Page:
In the excellent making-of featurette, an interesting point is raised about the film's odd, lesser-known status: competing against the success of "Rebecca" and its Oscar success the same year, "Foreign Correspondent" is a bit of a lost gem. Placed alongside the gothic mystery of "Rebecca," one can easily see "Correspondent" is the director's return to the exciting, briskly paced suspense vehicles of his formal British period, in which spies and wannabe spies globetrot through elaborately constructed suspense sequences.
Several vital production aspects are highlighted in the featurette, and together form a mini-tribute to the expert creative minds working under Hitchcock that added so much to this underrated classic. Chief among them are writers James Hilton, and Peter Benchley (who also appears in the movie as Joel McCrea's English liaison to the British press). Benchley's two grandsons - including "Jaws" author Robert Benchley - provide some amiable portraits of the popular wit. Benchley was given surprising leeway by Hitchcock and producer Walter Wanger to add his own popular brand of humour between more serious passages, and Hilton contributed the witty, polished dialogue that sparkles during McCrea's appearance at a large dinner for noble peaceniks.
Actress Laraine Day also appears in a few brief interview segments, and still smiles benevolently when discussing her career hop from B-level roles to a co-starring seat in this big-budget production. The best parts, however, concern the magnificent set designs (some by William Cameron Menzies), Dorothy Spencer's exhilarating editing, Rudolph Mate's luminescent cinematography, and the elaborate visual and special effects. (The visual design and execution of the plane sequence at the end feel very modern, and it isn't hard to guess how much fun Hitchcock would've had with CGI technology.)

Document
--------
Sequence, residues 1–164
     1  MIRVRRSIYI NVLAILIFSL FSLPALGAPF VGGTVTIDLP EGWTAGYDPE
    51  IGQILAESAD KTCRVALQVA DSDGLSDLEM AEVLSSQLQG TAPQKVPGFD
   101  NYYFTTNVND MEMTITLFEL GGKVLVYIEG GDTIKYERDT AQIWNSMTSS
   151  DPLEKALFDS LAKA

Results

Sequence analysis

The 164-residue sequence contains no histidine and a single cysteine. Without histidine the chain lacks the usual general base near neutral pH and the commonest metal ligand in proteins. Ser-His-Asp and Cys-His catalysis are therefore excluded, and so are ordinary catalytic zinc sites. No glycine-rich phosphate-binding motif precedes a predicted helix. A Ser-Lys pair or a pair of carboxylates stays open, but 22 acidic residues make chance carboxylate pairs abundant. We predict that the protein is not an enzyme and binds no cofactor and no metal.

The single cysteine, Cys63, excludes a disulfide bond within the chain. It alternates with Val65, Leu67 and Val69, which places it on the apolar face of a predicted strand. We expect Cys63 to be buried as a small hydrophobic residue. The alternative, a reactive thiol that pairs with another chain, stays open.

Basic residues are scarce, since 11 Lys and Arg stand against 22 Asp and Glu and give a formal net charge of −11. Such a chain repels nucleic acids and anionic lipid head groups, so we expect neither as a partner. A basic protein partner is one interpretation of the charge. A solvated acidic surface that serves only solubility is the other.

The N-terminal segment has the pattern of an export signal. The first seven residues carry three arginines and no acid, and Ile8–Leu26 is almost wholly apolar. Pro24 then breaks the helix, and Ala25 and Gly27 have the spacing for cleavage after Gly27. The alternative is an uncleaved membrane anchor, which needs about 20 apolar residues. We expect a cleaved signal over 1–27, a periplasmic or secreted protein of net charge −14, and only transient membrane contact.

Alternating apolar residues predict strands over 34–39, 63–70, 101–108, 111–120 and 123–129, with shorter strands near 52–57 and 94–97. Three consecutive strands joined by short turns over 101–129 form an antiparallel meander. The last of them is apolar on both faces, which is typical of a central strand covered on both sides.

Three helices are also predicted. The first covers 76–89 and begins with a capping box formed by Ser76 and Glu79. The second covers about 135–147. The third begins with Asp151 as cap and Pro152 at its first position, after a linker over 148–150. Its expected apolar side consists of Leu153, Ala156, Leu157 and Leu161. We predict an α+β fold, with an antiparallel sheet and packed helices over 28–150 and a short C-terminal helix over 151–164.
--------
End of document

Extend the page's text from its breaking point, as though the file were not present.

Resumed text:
The only qualm in Laurent Bouzereau's otherwise excellent featurette is his heavy reliance on Bernard Herrmann's "North by Northwest" music. It's a seemingly petty point, but as fans and Hitchcock buffs make their way through each of the new titles in this particular Hitchcock wave, Bouzereau's reliance on the same thematic cues - particularly the love theme, which plays every time the conversations involve family memories, or the director's devotion to and respect for his wife - becomes increasingly grating. Prior featurettes effectively mixed themes from other films in this wave, so Bouzereau's choice for "Foreign Correspondent" can only be seen as a misguided effort to heighten the already well paced featurette.
Warner Bros' excellent transfer is made from a very good print (sporting a Castle Hill logo before the main titles), with minor flecks and nicks around the reel changes. The original mono mix is in good shape, with Alfred Newman's score skillfully moving from buoyant, melodic passages to eerie, threadbare underscore.
This Warner Bros title is available separately or as part of the Alfred Hitchcock Signature Collection that includes: Strangers On A Train, Mr. And Mrs. Smith, Suspicion, North By Northwest, Dial M For Murder, Foreign Correspondent, The Wrong Man, Stage Fright and I Confess.
© 2004 Mark R. Hasan